Once upon a time, buying a car was straightforward – an often enjoyable, though occasionally fraught, lesson in the art of negotiation.

The buyers’ objective was to try and discover just how much less than the price displayed on the vehicle’s windscreen they could acquire it for. The dealer, meanwhile, knew how much leeway there was in the price and would seek to justify it by highlighting the vehicle’s attractive features.

As an occasional car buyer, I was told there are two keys to success: investing time in the negotiating process, a strategy that may require a return visit to continue the negotiation; and never fall in love with the car – be prepared to walk away from the deal.

How times have changed. Today, selecting a new car is the easy bit. Financing it has become considerably more complicated, especially as interest rates have been gradually edging upwards.

A quick check online shows that interest charged on car loans generally cost between 11% and 19.9%, although one well-known high street bank charges borrowers up to 29.9%. Interest rates may have risen recently, but they’ve only gone up to 1.75%, not 20%.

Britons enjoy a complex relationship with cars, not least because it’s likely to be one of the most expensive purchases to which we commit. Yet becoming obsessed with the price of a car is perhaps the biggest and most expensive mistake buyers make.

People frequently buy a car and believe that’s the end of the matter even though their new vehicle will often cost considerably more than they planned to spend. There’s maintenance, MOT, insurance costs, fuel, parking and regular cleaning to begin with, yet too many folks do not have a realistic understanding of how much more it will actually cost to own it.

Online car experts maintain that you should never spend more than 10% of your gross annual income on buying a car, thanks to the long list of additional outgoings you’re virtually guaranteed to incur.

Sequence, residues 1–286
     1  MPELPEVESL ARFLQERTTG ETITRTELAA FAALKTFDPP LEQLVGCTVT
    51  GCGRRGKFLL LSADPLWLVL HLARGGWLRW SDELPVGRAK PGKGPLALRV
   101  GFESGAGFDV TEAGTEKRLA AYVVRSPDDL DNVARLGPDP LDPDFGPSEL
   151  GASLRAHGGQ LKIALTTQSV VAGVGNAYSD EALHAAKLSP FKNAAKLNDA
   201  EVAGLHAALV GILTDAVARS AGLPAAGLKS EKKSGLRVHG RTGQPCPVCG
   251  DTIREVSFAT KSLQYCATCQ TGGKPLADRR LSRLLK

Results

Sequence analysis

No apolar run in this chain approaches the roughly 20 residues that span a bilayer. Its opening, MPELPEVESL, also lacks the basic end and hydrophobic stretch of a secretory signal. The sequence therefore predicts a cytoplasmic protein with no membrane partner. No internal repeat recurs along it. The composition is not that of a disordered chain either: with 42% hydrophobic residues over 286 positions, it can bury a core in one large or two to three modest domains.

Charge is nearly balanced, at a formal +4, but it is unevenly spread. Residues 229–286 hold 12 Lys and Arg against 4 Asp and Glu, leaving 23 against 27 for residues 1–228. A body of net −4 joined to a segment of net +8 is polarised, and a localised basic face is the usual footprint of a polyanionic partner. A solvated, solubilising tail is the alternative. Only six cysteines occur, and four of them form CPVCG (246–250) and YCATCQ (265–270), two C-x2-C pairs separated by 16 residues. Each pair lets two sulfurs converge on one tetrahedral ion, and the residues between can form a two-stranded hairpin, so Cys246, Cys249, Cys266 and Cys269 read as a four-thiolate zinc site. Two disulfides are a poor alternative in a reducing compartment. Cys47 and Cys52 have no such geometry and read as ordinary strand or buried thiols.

On top of this are maintenance and similar costs that will leave a hole in your purse or wallet. Indeed, the more frequently you’re behind the wheel, the higher you can expect your maintenance bill to be. Given that a vehicle is made up of thousands of moveable and fixed parts, it’s almost inevitable that one or more will eventually break, leak or require an expensive upgrade. I recently spent £400 on two new tyres – about £150 more than I had anticipated.

As interest rates continue to rise, buying or leasing a car is becoming more expensive and there’s no sign of rates suddenly falling, while inflation remains a threat. Moreover, the pleasure of buying a car – it doesn’t have to be brand new – wears off after a while, although paying for it is a process that usually lasts for years.

“Given how fast prices are rising, it’s important that motorists take the time to reduce their car-related costs wherever they can,” says Ken Carter, head of Insurance Services at personal finance website Moneymapp.com.

“As the cost of fuel went through the roof over the summer, we saw how careful many drivers became in a successful bid to save fuel. But while motorists can put expenditure on small luxuries such as valeting on hold, they cannot avoid fixed costs including car tax or parking tickets,” he adds.

Annual car insurance costs are another matter – because they can be reduced.

Mr Carter points out that as the Moneymapp platform reviews the cost of car insurance at more than 100 insurance companies on behalf of everyone who logs on to get an instant quote, motorists can enjoy savings of up to £319.03 on their annual insurance costs.

“We don’t ask for your mother’s maiden name, inside leg measurement or any other nonsense when you visit Moneymapp – we just want drivers to get the best possible quote for their car insurance. It’s that simple,” says Mr Carter.

If only everything associated with car ownership was as straightforward.

For more financial advice, check out Peter Sharkey’s regular blog, The Week In Numbers.